All of this suggests that the problem of rental debt is already serious, and probably about to get much worse. For the time being, of course, many renters are protected from the normal consequence of nonpayment — eviction — by emergency moratoriums. Seattle may be one of the safest cities in the country to be a renter right now, because here we’re triply protected by federal, state and city orders.
The federal measure now in effect was issued Sept. 1 by the Centers for Disease Control and Prevention and lasts through the end of the year, halting residential evictions “to prevent the further spread of COVID-19.” To be protected, tenants must submit a declaration to their landlord, stating that they cannot pay because of the pandemic and have no other housing options. In the aggregate, the order seems to be reducing eviction filings in many cities. Still, tenants who don’t know their rights or fail to jump through the requisite hoops may still be evicted, and this is also happening.
Tenants in Washington state are protected from this fate by our state moratorium, which currently runs through Oct. 15. The moratorium also prohibits landlords from raising residential rents — an emergency override of our state law banning rent control.
Seattle has gone further. Last month, Mayor Jenny Durkan extended a city eviction moratorium through the end of this year. Back in May, the city council passed additional measures proposed by Councilmember Lorena González. One bill creates a six-month period in which tenants who submit a declaration of financial hardship to the court can use rent nonpayment as a defense in eviction proceedings; effectively, this extends protection for six months beyond when the city moratorium expires. Another bill, effective until six months after the health emergency ends, mandates payment plans for overdue rent. Even with all these protections, of course, some evictions are still happening; landlords can still evict on the grounds that the landlord wishes to sell or occupy the unit, or for lease violations other than nonpayment.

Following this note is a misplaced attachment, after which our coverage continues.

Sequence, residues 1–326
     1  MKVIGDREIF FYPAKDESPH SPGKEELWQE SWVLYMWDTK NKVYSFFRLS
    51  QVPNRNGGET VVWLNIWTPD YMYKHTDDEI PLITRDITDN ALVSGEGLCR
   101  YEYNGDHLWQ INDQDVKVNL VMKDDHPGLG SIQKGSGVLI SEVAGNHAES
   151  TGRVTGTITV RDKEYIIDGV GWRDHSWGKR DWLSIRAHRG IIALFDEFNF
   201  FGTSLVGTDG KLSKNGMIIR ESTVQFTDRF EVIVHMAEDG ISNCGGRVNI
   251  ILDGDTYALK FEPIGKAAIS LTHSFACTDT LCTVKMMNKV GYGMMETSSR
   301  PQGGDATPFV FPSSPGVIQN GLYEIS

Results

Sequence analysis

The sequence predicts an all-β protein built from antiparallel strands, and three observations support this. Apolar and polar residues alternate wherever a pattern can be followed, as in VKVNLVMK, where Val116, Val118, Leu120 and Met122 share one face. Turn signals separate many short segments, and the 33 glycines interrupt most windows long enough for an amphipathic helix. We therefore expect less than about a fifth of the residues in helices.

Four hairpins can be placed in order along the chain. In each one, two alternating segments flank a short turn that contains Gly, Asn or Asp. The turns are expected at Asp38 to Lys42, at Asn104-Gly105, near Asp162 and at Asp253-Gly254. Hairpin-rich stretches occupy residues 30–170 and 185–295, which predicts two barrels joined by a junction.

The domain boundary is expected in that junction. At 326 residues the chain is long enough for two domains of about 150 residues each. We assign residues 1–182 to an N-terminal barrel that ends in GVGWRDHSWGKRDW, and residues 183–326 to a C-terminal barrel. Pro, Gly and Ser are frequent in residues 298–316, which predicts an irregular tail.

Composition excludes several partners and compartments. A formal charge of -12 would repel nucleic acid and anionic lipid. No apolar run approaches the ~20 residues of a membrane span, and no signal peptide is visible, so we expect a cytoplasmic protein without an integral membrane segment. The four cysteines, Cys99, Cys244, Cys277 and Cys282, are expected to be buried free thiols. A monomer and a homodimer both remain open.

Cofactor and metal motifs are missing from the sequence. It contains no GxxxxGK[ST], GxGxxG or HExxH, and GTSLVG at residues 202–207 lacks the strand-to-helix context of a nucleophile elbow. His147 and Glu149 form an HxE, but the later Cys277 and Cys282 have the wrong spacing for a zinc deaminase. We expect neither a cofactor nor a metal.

The landlord lobby is not pleased about this nested mess of restrictions and rules. The CDC eviction ban is the subject of at least one lawsuit. Early this month, a group of Seattle landlords sued Gov. Jay Inslee and Mayor Durkan, questioning the constitutionality of their eviction moratoriums; a second suit against Seattle, by the Rental Housing Association of Washington, was filed last week. Edmund Witter, managing attorney at the Housing Justice Project, doubts these efforts will succeed. Around the country, he says, there have been at least 13 lawsuits challenging eviction moratoriums during the pandemic. In all 13 cases, courts have so far “upheld the moratorium as a valid exercise of the government's powers.” Witter thinks the Washington lawsuit is more likely a political play to weaken the state moratorium when it comes up for renewal next month: “They know they’re probably not going to win, so instead they’re trying to make the governor shaky, more likely to modify or weaken [the moratorium].”
Even if all the legal challenges and political plays fail, eventually the moratoriums and related protections will end. Tenants will owe back rent, in some cases amounting to many thousands of dollars. What happens then? Next week I’ll take a look at rental assistance programs and other possible solutions to the looming rental debt crisis.